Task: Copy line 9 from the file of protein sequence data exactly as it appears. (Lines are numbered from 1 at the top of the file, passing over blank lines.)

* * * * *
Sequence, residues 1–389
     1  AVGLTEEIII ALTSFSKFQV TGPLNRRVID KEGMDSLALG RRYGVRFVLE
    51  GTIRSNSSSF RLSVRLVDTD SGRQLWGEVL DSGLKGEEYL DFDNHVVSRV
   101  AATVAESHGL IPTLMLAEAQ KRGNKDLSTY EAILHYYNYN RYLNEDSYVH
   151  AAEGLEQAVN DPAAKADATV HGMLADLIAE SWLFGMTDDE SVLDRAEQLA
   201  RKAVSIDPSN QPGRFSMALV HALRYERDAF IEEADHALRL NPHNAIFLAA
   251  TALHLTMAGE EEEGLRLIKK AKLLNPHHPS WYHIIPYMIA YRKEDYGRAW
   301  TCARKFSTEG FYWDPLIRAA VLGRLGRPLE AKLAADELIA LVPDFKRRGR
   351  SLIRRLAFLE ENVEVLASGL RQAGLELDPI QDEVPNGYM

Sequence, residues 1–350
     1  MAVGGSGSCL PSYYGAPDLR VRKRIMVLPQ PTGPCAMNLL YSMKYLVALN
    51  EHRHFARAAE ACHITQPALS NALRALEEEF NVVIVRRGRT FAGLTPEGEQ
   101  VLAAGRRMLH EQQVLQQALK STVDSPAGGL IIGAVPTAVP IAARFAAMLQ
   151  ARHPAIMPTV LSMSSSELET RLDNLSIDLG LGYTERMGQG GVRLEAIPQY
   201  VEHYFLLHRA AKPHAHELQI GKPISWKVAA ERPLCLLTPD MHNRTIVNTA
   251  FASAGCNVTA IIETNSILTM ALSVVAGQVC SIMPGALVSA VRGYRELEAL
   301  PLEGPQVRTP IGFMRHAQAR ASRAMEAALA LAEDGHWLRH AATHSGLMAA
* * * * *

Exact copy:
   351  SLIRRLAFLE ENVEVLASGL RQAGLELDPI QDEVPNGYM